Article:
Ted Jeory, the former Express Newspapers’ digital news director, has taken up the deputy editor position at the Bureau of Investigative Journalism.
His role includes editing copy, optimising the website and overseeing projects and investigations.
He joins Rachel Oldroyd, who became the Bureau’s managing editor in October 2014 after Christo Hird stepped down from the role. She was the Bureau’s deputy editor shortly after its launch in 2010 and has been responsible for overseeing many of its key projects – such as its investigation into the use of armed drones and its work on Wikileaks’ Iraq War logs.
At the time of her appointment, Oldroyd said: “I am absolutely delighted to have the opportunity to lead what I truly believe is an important organisation.
“With so many pressures on the media industry, there has to be room for philanthropically-funded, public interest journalism in the UK. I am convinced more than ever that independent, experimental organisations like the Bureau can play an important role in this changing industry.”
— Rachel oldroyd (@Raoldroyd) January 7, 2015
Jeory’s move comes after he took voluntary redundancy from Express Newspapers after six years. He described his 18 months as news editor for the Express website as “interesting”, saying that he had learned a lot about how to make an impact, “exactly what we’ll aim to do at the Bureau”.
He said: “Call me old-fashioned but I think journalism is about being a force for good and for change. It's a guiding principle for me, having made a career change from finance a decade or so ago.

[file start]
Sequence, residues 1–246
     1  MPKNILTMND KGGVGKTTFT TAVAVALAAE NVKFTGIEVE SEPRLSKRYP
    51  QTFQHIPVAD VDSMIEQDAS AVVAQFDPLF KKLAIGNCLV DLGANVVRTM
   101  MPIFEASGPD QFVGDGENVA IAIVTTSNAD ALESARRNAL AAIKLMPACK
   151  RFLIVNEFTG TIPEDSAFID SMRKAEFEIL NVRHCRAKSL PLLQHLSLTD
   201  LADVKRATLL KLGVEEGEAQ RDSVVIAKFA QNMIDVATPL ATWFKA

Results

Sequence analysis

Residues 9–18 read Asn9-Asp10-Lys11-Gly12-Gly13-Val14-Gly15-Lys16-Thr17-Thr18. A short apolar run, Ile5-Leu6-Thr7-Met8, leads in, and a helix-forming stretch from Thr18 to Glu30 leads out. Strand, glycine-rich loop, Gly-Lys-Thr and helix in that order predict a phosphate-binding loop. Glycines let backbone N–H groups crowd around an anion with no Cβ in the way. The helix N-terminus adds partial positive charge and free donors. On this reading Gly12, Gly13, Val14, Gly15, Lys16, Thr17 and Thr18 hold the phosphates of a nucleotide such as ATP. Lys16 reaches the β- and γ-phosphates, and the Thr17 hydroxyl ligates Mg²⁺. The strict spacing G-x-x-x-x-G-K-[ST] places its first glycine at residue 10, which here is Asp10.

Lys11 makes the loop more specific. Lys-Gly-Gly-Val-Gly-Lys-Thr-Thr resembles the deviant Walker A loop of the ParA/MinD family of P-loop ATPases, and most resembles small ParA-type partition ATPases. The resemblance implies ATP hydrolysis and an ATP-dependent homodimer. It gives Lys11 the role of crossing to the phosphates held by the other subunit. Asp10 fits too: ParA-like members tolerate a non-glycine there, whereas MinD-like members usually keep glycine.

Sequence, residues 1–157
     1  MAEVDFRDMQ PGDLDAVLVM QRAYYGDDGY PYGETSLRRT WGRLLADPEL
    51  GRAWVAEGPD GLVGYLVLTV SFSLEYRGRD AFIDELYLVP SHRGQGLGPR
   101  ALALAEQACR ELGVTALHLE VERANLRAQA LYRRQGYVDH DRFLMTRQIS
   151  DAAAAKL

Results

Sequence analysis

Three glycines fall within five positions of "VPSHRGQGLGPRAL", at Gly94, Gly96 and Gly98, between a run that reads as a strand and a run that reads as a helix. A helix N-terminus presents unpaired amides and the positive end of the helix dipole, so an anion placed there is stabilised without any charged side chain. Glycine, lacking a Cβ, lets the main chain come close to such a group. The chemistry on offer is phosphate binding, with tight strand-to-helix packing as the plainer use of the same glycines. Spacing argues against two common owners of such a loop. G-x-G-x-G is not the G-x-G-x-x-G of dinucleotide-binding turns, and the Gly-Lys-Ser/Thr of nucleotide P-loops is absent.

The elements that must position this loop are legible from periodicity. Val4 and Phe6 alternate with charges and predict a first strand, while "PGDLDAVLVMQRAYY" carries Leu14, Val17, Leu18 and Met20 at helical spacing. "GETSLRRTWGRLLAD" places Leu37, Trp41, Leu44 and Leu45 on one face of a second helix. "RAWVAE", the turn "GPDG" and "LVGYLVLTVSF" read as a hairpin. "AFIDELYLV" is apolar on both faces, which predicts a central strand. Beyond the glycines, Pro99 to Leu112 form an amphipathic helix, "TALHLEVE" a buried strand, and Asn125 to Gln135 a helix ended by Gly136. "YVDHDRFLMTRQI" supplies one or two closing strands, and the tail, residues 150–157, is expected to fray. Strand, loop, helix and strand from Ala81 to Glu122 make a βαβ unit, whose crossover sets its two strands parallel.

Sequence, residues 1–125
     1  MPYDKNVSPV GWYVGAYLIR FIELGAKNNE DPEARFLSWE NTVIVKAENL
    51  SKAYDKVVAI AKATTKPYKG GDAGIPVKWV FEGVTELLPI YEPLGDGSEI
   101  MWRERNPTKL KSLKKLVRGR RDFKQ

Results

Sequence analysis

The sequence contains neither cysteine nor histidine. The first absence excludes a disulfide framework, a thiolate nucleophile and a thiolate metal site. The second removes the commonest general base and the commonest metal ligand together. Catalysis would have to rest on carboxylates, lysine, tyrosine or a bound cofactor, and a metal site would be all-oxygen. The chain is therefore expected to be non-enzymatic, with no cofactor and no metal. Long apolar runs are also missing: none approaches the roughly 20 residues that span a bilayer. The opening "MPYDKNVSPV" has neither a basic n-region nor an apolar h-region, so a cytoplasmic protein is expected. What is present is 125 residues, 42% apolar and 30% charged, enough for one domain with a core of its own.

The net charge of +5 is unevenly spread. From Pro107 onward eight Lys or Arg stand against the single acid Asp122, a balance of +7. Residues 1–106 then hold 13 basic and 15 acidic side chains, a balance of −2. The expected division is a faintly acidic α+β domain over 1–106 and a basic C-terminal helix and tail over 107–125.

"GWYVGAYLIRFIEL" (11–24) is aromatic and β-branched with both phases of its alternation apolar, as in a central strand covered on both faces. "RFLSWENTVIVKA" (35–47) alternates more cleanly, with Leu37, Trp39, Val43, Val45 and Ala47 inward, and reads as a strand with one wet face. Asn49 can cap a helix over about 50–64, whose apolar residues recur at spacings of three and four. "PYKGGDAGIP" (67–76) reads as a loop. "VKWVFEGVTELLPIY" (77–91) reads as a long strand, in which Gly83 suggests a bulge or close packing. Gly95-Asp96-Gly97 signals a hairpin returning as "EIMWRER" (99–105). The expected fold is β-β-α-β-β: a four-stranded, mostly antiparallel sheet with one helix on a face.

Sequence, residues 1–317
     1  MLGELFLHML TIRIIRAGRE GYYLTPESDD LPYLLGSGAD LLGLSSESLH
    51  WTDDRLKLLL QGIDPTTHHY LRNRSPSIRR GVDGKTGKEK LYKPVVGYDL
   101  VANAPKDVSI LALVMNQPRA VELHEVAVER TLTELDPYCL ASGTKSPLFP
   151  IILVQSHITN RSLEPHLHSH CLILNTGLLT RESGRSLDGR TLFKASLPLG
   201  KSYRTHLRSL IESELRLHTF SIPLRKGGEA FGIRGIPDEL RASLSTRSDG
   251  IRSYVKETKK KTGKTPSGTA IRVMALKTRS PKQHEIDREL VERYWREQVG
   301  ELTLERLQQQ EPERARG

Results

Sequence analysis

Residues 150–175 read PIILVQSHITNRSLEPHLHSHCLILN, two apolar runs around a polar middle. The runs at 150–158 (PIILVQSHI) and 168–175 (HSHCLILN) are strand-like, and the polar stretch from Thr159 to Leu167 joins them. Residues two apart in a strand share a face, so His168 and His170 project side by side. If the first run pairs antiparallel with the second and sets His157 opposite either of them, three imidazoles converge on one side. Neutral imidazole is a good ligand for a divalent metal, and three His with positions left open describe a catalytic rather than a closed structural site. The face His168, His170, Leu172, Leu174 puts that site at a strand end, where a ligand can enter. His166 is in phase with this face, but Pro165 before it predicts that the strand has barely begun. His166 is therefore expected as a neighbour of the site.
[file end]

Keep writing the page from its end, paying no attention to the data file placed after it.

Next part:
"I had some great times at the Sunday Express and the mental health campaign we did there was all about that. We launched it on the day the Sun on Sunday launched and I remember the buzz we had in the office when Alastair Campbell wrote a blog that morning urging people to buy the Sunday Express.”
Jeory said that good journalism is about creating this buzz around a "force for good". He said the Bureau “exists for journalists and journalism. Its donors are incredibly generous people who share their staff's passion for public interest journalism.
"Some newspapers are struggling to adapt to the digital world and they simply have fewer resources available to invest in longer and deeper investigations.
"The Bureau doesn't aim to compete with newspapers or other media organisations – that would be a waste of time and money. Instead, it tries to find areas that aren't covered as in depth as they could be, particularly by making use of open source data.
“That's the route we'll go down more and more. We'll help build tools and databases for use by everyone – for free".